You can read the regulations by either accessing the December 2019 medical statues and regulations document (Page 37) via the Alaska State Medical Board webpage or the Alaska section of the AAMA State Scope of Practice Laws webpage on the AAMA website.

This is a significant scope of practice victory in Alaska, and I congratulate the Alaska Medical Assistant Society for its excellent and diligent work on strengthening and clarifying medical assistants’ right to practice!

delegation, On the Job, Scope of Practice

Medical Assistants and Vaccination Administration under Pharmacists

Improving vaccination rates and lessening vaccination hesitancy is a top priority for all health care professionals. Medical assistants are in a prime position to help, but the exact nature of their role requires some legal considerations.

Consider the following situation:

I own a pharmacy in which pharmacists administer influenza vaccinations. Could I hire a medical assistant to help us administer these influenza shots, or is it required that medical assistants work only under the supervision of a physician?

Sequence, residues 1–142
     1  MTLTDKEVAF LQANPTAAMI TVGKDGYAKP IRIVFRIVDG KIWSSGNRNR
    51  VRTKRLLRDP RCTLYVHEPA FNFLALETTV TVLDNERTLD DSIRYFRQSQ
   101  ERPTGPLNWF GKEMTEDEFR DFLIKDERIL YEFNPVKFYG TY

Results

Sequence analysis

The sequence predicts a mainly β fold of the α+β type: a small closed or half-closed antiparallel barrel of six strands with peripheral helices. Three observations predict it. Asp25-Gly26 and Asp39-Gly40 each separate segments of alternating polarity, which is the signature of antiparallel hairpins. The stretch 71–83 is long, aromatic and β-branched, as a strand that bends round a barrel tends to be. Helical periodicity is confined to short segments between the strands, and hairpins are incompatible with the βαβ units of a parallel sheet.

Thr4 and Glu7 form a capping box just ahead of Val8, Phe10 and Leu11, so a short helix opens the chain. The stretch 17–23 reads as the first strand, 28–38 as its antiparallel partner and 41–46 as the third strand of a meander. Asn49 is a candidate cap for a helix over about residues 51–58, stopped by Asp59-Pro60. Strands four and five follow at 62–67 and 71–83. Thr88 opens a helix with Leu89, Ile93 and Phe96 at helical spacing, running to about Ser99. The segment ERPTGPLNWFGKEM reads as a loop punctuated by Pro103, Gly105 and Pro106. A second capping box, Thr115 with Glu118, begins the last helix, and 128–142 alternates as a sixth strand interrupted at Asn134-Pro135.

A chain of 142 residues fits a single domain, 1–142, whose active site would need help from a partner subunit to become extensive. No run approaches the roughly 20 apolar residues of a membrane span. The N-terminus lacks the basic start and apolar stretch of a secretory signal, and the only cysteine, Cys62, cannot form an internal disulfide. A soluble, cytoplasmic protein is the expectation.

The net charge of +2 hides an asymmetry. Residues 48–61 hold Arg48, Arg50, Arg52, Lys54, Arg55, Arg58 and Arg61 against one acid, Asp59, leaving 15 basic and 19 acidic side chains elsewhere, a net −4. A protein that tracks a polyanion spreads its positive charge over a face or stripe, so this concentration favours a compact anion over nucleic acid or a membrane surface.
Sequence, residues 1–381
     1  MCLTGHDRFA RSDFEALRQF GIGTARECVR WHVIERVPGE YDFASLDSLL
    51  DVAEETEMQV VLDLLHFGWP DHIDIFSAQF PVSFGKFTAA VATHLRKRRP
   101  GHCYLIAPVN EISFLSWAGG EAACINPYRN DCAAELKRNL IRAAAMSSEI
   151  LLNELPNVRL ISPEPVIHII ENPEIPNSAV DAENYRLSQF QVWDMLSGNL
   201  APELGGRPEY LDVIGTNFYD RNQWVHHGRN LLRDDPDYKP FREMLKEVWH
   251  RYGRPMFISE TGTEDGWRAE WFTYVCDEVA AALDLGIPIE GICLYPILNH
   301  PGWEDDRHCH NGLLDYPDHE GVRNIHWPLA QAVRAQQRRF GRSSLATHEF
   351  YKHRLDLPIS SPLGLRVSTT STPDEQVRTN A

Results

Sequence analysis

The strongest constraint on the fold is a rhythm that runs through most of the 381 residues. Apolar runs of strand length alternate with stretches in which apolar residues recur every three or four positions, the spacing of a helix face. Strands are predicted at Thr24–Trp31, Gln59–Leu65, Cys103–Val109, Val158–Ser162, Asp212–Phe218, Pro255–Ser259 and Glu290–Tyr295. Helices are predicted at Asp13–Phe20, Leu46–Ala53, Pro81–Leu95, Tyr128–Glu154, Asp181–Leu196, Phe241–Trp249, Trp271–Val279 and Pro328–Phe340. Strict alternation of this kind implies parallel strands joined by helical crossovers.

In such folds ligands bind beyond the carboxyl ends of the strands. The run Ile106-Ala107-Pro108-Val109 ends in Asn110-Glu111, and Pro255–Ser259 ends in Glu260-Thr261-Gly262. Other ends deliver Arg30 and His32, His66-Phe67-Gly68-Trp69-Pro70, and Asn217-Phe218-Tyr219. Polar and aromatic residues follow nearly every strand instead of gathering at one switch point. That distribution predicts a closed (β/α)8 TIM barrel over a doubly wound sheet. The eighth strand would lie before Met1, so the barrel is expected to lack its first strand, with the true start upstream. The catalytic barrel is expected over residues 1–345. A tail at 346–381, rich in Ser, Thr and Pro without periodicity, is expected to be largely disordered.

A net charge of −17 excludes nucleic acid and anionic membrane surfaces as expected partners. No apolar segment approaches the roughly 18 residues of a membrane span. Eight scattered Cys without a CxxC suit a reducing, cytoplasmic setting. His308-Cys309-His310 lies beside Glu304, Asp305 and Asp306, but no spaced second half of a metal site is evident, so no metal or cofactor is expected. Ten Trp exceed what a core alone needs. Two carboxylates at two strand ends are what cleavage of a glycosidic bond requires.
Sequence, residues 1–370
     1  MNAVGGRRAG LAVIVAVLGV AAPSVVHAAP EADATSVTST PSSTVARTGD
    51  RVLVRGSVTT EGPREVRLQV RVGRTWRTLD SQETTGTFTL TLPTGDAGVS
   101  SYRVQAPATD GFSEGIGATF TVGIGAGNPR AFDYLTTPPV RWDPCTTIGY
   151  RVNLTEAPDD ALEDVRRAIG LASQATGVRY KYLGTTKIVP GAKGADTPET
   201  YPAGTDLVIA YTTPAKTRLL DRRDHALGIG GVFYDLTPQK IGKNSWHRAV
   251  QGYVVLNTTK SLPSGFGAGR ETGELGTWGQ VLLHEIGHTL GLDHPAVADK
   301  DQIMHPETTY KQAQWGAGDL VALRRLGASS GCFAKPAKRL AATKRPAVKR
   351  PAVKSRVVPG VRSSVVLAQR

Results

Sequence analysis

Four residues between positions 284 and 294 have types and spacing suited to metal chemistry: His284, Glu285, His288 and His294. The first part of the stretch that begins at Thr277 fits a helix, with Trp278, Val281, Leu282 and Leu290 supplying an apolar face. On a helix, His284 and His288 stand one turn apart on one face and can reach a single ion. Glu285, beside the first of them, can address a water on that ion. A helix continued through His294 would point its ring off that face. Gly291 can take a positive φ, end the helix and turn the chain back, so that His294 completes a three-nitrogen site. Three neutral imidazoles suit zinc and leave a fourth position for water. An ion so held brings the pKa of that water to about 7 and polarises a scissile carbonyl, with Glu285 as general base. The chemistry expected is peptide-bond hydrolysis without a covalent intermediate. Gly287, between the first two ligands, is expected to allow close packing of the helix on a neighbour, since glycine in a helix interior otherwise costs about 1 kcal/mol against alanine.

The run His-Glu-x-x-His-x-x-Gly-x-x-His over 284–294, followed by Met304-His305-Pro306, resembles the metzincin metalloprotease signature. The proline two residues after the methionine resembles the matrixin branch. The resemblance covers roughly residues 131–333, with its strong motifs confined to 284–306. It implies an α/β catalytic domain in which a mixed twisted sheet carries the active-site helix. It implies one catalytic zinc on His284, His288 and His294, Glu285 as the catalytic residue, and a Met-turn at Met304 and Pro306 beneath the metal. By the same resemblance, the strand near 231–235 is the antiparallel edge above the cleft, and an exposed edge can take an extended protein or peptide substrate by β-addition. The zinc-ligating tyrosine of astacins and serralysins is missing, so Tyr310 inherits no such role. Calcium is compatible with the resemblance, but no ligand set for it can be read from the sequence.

Most often, medical assistants work under the authority and supervision of licensed providers such as physicians (doctors of medicine or osteopathic medicine), nurse practitioners, and physician assistants in outpatient settings. However, state laws generally do not prohibit other licensed health care professionals (such as podiatrists, dentists, optometrists, and pharmacists) from employing medical assistants and delegating legally permitted tasks to them.